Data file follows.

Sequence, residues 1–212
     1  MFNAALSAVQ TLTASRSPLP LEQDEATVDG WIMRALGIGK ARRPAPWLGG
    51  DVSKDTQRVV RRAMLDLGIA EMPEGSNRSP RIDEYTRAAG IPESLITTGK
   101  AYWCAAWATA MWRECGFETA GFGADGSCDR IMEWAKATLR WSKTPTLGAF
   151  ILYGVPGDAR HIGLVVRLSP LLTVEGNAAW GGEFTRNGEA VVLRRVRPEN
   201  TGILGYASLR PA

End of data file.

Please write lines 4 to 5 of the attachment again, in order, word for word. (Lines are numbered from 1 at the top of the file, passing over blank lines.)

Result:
   101  AYWCAAWATA MWRECGFETA GFGADGSCDR IMEWAKATLR WSKTPTLGAF
   151  ILYGVPGDAR HIGLVVRLSP LLTVEGNAAW GGEFTRNGEA VVLRRVRPEN